Shortlisted for the FT/McKinsey Business Book of the Year Award
'Brilliant, timely, original, well written and utterly terrifying.' - Niall Ferguson
'A timely, fascinating and thought-provoking book . . . A brilliant read for individuals, but should be mandatory reading for our politicians and those responsible for planning in health and social care.' - Shirley Cramer CBE, Chief Executive, Royal Society for Public Health
What will your 100-year life look like?
Does the thought of working for 60 or 70 years fill you with dread? Or can you see the potential for a more stimulating future as a result of having so much extra time? Many of us have been raised on the traditional notion of a three-stage approach to our working lives: education, followed by work and then retirement. But this well-established pathway is already beginning to collapse - life expectancy is rising, final-salary pensions are vanishing, and increasing numbers of people are juggling multiple careers. Whether you are 18, 45 or 60, you will need to do things very differently from previous generations and learn to structure your life in completely new ways. The 100-Year Life is here to help.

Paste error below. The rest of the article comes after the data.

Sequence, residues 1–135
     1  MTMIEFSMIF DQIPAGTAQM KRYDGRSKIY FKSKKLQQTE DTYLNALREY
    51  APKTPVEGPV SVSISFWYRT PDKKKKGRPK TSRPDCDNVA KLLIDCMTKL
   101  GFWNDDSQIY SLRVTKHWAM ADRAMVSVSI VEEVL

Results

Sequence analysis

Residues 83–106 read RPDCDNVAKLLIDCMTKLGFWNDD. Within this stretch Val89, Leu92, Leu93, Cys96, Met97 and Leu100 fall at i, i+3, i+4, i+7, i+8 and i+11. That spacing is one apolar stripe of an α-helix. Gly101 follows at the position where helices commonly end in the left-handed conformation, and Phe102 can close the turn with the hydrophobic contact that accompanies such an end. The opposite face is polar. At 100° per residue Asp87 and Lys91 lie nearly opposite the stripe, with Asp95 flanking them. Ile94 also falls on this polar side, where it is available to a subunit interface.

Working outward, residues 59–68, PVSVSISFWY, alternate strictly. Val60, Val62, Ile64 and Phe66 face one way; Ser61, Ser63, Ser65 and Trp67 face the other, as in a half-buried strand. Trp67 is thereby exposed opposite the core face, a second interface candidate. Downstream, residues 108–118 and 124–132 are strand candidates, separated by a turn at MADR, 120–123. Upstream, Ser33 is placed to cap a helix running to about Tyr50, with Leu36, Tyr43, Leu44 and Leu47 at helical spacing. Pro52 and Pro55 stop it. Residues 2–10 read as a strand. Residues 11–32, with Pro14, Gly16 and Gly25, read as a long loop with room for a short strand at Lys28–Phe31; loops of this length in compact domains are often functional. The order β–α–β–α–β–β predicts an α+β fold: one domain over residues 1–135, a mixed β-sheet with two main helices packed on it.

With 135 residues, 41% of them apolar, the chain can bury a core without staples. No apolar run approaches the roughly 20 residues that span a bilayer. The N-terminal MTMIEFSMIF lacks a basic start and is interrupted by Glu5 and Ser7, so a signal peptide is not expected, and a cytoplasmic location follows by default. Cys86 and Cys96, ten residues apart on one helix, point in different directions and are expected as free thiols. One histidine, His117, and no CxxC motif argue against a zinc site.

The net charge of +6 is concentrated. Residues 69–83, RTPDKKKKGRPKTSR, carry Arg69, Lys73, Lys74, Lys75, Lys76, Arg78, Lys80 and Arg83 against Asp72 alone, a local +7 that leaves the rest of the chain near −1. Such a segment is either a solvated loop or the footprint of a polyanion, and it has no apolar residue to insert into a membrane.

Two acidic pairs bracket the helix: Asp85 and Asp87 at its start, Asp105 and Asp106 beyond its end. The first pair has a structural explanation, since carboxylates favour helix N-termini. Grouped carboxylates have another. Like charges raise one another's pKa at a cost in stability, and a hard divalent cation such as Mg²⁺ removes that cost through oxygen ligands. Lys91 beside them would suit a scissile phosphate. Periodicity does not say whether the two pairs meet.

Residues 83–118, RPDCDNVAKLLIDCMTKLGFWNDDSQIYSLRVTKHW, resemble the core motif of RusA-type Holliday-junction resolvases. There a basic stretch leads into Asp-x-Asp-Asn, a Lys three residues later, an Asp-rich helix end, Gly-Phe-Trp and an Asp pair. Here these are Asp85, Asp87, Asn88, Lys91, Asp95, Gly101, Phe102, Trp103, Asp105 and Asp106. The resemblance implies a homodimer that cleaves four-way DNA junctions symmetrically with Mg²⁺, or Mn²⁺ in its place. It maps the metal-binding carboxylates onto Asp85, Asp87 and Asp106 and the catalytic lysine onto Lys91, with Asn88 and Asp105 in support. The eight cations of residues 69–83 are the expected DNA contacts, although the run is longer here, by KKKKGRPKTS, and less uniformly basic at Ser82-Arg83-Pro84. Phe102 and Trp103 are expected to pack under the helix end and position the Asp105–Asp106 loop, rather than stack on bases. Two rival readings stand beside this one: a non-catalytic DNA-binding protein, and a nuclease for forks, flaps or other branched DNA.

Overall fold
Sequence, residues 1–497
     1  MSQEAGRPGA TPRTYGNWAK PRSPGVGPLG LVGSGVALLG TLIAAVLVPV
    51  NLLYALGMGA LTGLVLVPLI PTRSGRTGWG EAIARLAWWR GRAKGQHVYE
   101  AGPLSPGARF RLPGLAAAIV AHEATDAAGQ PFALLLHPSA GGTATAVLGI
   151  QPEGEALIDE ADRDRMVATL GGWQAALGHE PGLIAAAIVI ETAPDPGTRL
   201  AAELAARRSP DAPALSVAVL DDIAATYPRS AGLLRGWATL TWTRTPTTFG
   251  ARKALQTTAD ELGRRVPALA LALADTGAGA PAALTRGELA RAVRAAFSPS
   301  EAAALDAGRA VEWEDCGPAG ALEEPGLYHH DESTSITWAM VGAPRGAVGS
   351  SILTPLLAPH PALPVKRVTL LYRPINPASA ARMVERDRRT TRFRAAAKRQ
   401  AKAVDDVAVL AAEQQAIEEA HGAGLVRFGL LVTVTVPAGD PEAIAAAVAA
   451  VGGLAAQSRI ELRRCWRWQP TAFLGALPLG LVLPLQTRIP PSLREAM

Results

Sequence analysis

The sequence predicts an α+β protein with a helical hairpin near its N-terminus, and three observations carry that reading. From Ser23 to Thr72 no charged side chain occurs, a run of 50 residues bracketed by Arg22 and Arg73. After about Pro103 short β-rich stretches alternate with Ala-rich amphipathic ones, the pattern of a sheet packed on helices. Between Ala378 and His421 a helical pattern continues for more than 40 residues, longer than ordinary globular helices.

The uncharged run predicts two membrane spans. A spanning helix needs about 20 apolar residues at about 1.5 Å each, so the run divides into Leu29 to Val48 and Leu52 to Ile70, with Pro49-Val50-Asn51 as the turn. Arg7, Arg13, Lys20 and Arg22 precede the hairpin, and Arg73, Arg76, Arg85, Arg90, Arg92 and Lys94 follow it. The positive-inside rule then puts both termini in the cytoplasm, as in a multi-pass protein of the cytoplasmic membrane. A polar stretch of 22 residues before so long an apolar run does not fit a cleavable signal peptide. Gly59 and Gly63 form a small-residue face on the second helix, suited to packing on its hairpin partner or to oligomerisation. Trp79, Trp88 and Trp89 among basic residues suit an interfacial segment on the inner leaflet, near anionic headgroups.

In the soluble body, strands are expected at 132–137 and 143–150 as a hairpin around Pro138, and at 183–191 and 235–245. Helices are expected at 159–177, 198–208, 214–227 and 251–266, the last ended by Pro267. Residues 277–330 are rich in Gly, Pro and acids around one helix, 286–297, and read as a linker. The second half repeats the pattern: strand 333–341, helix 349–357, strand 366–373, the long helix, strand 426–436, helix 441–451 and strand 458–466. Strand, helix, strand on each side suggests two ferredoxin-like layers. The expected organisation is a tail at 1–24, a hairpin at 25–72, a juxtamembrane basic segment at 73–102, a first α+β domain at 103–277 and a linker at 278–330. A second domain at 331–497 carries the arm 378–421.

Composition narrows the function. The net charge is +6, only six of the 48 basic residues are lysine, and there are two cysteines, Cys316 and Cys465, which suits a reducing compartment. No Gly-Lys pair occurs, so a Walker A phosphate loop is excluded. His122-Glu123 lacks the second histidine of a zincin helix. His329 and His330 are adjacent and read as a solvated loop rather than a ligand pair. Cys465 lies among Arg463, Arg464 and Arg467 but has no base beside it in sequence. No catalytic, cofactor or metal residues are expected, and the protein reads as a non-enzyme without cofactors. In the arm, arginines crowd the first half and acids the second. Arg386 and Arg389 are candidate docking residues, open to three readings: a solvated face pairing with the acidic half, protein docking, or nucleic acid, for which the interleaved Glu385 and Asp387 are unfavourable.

Drawing on the unique pairing of their experience in psychology and economics, Lynda Gratton and Andrew Scott offer a broad-ranging analysis as well as a raft of solutions, showing how to rethink your finances, your education, your career and your relationships and create a fulfilling 100-year life.
AUTHOR: Lynda Gratton is Professor of Management Practice at the London Business School where she teaches an elective on the Future of Work and directs an executive program on Human Resource Strategy. Lynda is a fellow of the World Economic Forum, is ranked by Business Thinkers in the top 15 in the world, and was named the best teacher at London Business School in 2015. Andrew Scott is Professor of Economics at London Business School, a Fellow of All Souls College, Oxford University and the Centre for Economic Policy Research having previously taught at Harvard and London School of Economics. He has served as an advisor on macroeconomics to a range of governments and central banks and was Non-Executive Director on the UK's Financial Services Authority.